We’ve got to give chef Eddy Thretipthuangsin one thing — he’s tenacious. The Thai-focused chef has worked in and opened multiple concepts across Dallas and Fort Worth, including Pak Pao, Bite City Grill and two locations of Kin Kin Urban Thai. For whatever reason, chef Eddy T struggled to make his Oak Lawn Avenue location of Kin Kin stick. As a result, it will reopen as BITE in early December.
Thretipthuangsin has already closed the doors at Kin Kin on Oak Lawn after less than six months in business. BITE will be an entirely different concept, offering “globally influenced dishes with chef Eddy’s Asian flair,” according to an announcement from the chef.
“BITE allows me to cook a wide variety of cuisine, not just Thai food,” he wrote. “We feel that BITE better serves our clientele locally.” That likely means that the crowd on Oak Lawn would prefer to soak up their booze with burgers and fries instead of potentially unfamiliar Thai dishes.
Thretipthuangsin clearly likes using the word “bite” in the names of his restaurants, as evidenced by the similarly named concept he explained to the Observer’s Lauren Smart in late 2014. Thretipthuangsin was apparently going to open the BITE concept just after leaving Pakpao, the Design District Thai restaurant now led by Jet Tila, after just six months in the kitchen. BITE eventually opened as Bite City Grill in Fort Worth, which has since shuttered.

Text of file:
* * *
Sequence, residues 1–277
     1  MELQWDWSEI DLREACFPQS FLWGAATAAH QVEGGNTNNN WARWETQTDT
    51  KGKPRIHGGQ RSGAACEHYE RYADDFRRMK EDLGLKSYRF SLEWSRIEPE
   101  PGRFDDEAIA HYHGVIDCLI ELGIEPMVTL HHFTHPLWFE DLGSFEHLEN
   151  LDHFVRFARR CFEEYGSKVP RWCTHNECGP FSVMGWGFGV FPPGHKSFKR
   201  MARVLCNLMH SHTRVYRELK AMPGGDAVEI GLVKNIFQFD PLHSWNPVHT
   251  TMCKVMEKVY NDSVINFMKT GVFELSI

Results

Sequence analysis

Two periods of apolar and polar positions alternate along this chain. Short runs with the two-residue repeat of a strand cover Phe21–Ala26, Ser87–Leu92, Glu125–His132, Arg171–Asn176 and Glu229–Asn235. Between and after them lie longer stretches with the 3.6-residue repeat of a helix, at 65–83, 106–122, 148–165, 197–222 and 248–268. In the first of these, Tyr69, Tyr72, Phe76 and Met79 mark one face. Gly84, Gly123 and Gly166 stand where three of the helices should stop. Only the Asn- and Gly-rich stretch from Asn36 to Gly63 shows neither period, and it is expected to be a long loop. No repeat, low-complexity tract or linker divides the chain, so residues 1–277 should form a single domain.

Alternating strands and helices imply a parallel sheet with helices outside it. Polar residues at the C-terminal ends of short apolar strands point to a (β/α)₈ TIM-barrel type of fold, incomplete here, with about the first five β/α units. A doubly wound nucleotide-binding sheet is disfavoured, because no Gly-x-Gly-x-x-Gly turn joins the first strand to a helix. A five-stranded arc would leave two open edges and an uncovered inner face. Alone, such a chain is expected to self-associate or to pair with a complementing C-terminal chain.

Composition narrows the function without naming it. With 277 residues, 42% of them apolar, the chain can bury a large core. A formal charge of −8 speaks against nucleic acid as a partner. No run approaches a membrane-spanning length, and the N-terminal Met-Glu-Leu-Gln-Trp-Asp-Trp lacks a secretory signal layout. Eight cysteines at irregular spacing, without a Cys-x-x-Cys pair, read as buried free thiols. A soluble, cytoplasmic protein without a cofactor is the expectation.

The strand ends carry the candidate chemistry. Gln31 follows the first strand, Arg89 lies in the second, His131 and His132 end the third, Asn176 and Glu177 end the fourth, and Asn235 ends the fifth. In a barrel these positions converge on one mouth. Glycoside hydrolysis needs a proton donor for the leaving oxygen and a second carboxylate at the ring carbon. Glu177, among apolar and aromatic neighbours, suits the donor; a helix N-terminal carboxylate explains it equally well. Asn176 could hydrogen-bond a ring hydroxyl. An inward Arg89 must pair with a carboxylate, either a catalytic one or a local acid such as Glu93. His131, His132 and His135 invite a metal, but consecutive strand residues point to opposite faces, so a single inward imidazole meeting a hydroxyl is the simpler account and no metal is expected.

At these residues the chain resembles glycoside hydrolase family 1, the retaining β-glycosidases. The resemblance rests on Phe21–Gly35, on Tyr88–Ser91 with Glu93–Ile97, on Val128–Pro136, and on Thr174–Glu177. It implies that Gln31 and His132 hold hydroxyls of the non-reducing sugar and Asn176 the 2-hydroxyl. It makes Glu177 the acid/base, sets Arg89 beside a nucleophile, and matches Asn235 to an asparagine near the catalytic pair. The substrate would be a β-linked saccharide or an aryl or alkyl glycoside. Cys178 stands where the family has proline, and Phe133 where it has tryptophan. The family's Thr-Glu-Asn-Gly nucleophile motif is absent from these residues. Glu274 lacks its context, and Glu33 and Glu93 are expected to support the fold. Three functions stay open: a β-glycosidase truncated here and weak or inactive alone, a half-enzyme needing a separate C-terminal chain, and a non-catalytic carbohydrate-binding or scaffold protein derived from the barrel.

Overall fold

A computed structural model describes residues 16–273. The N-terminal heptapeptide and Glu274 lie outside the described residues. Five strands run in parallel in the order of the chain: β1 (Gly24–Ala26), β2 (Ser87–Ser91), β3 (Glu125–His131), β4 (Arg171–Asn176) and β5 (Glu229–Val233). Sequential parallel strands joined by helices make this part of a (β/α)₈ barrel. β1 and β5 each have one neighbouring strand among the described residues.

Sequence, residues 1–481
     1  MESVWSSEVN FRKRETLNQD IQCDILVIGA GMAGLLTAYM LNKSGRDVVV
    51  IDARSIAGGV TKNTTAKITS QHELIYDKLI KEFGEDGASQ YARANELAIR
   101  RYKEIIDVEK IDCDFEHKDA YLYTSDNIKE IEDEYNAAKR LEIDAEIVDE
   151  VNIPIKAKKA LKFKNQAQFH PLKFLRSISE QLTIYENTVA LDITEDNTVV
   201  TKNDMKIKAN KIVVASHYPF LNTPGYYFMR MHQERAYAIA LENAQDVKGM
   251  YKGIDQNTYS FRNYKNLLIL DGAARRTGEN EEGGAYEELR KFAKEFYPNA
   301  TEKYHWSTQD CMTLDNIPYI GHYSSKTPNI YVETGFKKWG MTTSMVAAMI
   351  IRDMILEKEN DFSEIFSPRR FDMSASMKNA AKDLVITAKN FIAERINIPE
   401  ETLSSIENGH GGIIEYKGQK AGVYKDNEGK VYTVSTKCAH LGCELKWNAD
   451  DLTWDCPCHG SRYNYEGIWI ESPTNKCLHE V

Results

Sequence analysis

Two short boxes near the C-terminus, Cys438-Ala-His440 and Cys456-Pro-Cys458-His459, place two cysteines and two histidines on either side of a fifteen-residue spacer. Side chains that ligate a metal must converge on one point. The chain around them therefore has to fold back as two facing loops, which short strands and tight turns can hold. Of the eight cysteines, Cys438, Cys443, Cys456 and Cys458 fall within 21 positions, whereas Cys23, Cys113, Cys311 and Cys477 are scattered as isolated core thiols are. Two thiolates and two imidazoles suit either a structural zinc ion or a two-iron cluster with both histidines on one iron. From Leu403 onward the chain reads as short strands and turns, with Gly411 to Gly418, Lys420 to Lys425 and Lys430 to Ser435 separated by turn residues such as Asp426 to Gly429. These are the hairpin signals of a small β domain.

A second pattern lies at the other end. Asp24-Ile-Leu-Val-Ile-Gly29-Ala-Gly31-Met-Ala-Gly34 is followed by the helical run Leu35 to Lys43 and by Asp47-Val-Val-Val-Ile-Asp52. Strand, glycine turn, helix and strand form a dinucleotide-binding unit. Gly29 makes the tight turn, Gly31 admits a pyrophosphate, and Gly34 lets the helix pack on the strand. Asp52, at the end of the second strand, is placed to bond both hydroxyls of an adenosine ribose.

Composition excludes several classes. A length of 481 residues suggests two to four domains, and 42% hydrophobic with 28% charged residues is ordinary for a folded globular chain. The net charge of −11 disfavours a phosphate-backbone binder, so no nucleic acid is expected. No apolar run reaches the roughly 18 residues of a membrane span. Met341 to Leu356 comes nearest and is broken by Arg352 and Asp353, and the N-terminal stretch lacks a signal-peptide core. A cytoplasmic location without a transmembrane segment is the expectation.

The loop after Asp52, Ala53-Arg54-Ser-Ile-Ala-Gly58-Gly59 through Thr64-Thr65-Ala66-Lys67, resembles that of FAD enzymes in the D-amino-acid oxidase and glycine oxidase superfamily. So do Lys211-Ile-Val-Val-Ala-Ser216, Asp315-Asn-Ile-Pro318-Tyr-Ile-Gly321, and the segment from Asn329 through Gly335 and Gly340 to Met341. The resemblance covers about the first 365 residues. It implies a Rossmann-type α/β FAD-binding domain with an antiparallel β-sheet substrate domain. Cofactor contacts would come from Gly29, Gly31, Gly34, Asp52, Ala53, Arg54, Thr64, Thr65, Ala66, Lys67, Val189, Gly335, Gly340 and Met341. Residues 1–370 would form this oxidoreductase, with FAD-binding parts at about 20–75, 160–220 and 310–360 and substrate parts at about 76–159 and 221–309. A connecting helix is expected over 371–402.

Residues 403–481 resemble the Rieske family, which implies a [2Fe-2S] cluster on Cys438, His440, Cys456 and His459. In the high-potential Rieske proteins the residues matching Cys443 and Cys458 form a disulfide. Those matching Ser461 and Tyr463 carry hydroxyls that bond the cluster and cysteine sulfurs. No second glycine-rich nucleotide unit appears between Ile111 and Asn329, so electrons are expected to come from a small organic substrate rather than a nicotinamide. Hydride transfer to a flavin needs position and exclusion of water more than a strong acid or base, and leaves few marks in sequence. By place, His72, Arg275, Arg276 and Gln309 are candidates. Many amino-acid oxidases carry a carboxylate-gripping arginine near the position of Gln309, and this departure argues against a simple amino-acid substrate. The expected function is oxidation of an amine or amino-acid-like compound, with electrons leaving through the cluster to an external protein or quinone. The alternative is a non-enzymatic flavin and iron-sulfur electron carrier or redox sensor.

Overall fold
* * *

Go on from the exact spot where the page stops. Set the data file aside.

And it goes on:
Fortunately for those who love Thretipthuangsin’s Thai cuisine, it isn’t going to be leaving Dallas entirely. Thretipthuangsin still plans to open two locations of Kin Kin in Dallas' northern suburbs, one at Preston Road and Forest Lane, and another at the forthcoming CityLine development in Richardson. The Fort Worth location will continue to serve yellow curry and pad see ew, if you find yourself in westerly climes.
The space that housed Kin Kin Urban Thai will reopen as BITE on Wednesday, December 9. Be sure to pour one out for all that great Thai food as this menu transitions into something more "globally inspired," whatever the hell that means.
Keep the Dallas Observer Free... Since we started the Dallas Observer, it has been defined as the free, independent voice of Dallas, and we would like to keep it that way. Offering our readers free access to incisive coverage of local news, food and culture. Producing stories on everything from political scandals to the hottest new bands, with gutsy reporting, stylish writing, and staffers who've won everything from the Society of Professional Journalists' Sigma Delta Chi feature-writing award to the Casey Medal for Meritorious Journalism. But with local journalism's existence under siege and advertising revenue setbacks having a larger impact, it is important now more than ever for us to rally support behind funding our local journalism. You can help by participating in our "I Support" membership program, allowing us to keep covering Dallas with no paywalls.